Super Sunday launch leads to political backing for GambleAware

Yesterday’s Super Sunday clash between Manchester United and Liverpool at Old Trafford, saw GambleAware launch its new gambling-harm awareness campaign ‘Bet Regret’.

The campaign is the first in which GambleAware has developed under the guidance of London agency M&C Saatchi, the firm which in 2018 was appointed to lead the charity’s new messaging and creative direction on safer gambling.

Iain Corby Deputy Chief Executive revealed to InsiderSport that so far feedback on the campaign has been positive, adding: “We were pleased to secure cross-party support, with politicians from Labour, the SNP and the Liberal Democrats joining the Minister in welcoming the ads.  

“Some do question whether an advertising campaign can make a difference, and we will be rigorously assessing the impact of the initiative and will publish the findings when the independent evaluation is conducted at the end of the first year of the campaign.”

He went onto detail that there are future plans for the expansion of the campaign: “There are three ads already produced, but this is at least a two year campaign so will evolve as we review feedback and the campaign evolves accordingly.”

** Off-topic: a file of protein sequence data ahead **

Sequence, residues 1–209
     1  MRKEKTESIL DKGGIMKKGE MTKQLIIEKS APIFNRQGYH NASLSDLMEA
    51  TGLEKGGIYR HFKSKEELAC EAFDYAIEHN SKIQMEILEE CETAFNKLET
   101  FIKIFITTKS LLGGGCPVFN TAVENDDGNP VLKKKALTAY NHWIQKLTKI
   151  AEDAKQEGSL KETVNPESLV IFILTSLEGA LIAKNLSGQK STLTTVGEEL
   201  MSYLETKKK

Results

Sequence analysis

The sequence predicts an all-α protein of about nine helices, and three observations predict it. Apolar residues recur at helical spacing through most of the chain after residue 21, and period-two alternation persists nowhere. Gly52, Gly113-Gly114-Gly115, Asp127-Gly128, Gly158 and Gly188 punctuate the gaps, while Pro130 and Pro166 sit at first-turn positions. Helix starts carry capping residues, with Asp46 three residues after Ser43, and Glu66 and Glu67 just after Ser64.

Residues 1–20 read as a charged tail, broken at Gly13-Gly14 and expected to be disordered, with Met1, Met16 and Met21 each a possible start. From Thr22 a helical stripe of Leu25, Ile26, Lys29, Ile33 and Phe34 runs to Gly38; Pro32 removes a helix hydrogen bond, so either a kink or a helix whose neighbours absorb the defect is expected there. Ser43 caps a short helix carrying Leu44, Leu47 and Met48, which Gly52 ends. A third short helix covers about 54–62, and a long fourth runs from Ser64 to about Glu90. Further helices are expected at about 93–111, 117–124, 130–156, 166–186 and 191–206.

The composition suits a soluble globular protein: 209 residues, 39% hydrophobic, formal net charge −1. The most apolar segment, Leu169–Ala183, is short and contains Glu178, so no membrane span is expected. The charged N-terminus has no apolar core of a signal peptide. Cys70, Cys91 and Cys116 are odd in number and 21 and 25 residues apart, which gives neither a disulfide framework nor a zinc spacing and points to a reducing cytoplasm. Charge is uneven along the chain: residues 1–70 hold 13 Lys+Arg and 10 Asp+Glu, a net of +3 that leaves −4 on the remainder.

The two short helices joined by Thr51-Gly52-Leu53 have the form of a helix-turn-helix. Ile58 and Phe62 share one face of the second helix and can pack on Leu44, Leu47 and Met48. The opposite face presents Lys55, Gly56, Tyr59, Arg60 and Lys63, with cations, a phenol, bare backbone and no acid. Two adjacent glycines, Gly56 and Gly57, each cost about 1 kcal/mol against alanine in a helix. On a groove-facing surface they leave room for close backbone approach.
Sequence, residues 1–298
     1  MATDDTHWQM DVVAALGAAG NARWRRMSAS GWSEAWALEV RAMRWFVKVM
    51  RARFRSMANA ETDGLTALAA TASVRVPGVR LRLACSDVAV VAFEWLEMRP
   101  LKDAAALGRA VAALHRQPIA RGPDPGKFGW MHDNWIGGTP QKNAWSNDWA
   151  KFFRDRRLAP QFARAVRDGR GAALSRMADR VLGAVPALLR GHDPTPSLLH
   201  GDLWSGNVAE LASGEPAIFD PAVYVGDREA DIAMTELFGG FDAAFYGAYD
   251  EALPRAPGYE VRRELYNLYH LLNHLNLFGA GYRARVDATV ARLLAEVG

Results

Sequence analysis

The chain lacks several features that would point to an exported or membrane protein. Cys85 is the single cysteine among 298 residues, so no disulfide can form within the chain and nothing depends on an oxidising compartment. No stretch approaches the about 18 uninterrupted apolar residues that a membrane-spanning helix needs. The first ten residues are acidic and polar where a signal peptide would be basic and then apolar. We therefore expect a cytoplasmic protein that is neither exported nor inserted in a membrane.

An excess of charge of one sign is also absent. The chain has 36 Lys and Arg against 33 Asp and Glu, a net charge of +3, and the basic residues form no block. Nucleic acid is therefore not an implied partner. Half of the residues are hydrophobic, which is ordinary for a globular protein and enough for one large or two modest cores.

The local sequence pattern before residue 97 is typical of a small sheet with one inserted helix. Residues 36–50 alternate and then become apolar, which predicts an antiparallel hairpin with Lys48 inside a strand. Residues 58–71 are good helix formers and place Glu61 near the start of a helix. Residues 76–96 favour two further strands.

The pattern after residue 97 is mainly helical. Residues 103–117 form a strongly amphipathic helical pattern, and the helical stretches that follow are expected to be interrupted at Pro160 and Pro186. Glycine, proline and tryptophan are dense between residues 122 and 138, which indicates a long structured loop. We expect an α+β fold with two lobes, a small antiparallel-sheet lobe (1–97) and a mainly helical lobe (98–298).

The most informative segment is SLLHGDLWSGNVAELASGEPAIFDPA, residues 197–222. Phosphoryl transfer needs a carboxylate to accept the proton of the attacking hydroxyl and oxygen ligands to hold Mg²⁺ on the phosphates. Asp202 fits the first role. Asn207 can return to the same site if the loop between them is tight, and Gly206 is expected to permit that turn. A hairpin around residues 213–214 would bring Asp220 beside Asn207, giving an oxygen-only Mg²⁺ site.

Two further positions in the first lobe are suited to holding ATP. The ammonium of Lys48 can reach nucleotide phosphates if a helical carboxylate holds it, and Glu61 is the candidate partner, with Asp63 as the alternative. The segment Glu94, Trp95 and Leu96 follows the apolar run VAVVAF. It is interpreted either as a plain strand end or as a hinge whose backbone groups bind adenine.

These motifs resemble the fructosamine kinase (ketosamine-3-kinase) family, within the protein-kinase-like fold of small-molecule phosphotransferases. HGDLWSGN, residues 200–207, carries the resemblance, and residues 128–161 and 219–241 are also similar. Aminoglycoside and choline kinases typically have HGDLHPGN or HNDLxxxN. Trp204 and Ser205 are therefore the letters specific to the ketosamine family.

The charity emphasised that Bet Regret’s lead message targets an audience estimated at 2.4 million men aged 16-34, who gamble regularly on sport, mainly through online verticals.

When asked whether the funding for the campaign could have been utilised in a more beneficial way, Corby stated: “The money to fund this campaign is in the form of a “restricted” donation for this purpose, so we do not have the option to spend it on other activities.  

“That said, we are currently planning to spend £15m this year and next on our other research, education and treatment services, well above the income we raise from the voluntary levy system which has been augmented by the receipt of funds from voluntary settlements from gambling operators who have breached licence conditions.”